Professor of Strategy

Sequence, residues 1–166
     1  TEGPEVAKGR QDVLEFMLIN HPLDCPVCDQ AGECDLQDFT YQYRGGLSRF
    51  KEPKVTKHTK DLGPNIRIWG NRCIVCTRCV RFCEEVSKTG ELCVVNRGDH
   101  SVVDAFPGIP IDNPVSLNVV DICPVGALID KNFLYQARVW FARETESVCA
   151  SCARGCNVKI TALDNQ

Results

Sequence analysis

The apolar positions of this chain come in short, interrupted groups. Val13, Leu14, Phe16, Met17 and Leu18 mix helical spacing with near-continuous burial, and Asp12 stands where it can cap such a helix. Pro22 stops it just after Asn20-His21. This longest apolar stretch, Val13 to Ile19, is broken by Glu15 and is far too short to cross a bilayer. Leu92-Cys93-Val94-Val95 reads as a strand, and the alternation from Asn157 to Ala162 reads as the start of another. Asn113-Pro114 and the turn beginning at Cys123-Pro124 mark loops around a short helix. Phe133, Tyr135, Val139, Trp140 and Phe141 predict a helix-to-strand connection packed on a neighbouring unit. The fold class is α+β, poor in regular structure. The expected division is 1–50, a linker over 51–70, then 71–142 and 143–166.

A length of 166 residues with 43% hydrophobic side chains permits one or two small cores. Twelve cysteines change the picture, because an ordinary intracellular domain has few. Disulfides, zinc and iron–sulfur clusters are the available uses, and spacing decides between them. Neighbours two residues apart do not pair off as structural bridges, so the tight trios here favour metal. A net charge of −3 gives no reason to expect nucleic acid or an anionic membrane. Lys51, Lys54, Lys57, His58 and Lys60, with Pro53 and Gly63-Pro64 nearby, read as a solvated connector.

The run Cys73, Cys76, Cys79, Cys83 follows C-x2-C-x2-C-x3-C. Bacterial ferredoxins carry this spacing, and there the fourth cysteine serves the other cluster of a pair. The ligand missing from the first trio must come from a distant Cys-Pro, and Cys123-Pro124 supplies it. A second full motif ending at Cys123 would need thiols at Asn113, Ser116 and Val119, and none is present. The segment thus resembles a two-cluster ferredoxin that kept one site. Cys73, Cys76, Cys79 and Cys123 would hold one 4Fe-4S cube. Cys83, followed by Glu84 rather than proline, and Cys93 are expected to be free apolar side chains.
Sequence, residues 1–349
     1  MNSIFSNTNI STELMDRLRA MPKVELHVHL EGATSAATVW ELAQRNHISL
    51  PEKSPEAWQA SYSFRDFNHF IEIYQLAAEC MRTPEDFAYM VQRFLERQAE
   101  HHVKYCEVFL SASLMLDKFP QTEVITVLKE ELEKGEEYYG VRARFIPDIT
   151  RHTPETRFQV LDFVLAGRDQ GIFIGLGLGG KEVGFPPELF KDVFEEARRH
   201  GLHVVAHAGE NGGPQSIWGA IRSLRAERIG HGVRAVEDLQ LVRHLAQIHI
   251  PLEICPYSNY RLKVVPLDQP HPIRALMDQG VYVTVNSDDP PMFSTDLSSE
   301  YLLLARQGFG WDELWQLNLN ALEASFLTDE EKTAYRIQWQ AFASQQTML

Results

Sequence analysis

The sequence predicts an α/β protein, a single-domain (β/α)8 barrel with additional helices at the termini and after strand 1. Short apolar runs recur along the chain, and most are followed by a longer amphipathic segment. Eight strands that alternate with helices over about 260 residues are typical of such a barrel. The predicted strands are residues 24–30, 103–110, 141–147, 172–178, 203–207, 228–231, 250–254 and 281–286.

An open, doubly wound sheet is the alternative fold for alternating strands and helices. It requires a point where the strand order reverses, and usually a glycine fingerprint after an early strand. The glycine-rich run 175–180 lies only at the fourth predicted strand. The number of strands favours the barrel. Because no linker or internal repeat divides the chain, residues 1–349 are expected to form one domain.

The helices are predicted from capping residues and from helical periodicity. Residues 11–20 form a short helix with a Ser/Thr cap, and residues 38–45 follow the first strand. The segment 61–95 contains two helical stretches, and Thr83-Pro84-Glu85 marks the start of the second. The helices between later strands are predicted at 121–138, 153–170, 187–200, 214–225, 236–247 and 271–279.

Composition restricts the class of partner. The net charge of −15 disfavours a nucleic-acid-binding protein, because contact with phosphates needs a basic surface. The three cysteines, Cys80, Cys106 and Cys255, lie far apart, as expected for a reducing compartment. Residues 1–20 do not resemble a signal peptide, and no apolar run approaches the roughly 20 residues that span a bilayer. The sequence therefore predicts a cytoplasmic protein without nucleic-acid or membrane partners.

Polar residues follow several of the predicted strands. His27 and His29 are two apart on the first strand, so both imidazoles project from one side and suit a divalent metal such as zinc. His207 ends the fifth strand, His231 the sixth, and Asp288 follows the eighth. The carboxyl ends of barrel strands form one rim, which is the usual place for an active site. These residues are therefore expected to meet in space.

Prior research provides ambiguous results regarding the performance of international acquisitions. Drawing on a survey of 248 acquisitions, the authors find that acquirers enhance their capabilities when they buy a target with a multinational geographic scope. A financial event study uses a subsample of the acquisitions to show that the financial markets also value targets' multinational scope. Both survey and stock market-based studies suggest that targets with access to heterogeneous resource environments provide the acquirer with greater potential for capability enhancement and financial performance. In contrast, simply acquiring firms across borders has less influence on post-acquisition outcomes.The study demonstrates greater value of the attributes of the target rather than of international expansion alone. Thus, the multinational scope of the target is more likely to account for the resource diversity provided by the target than the country of origin of the target per se.The study changes the emphasis on multinational acquisitions, by shifting the focus from foreign market expansion (country-level emphasis) to accessing geographically distributed resources that are embedded in target firms (firm-level emphasis).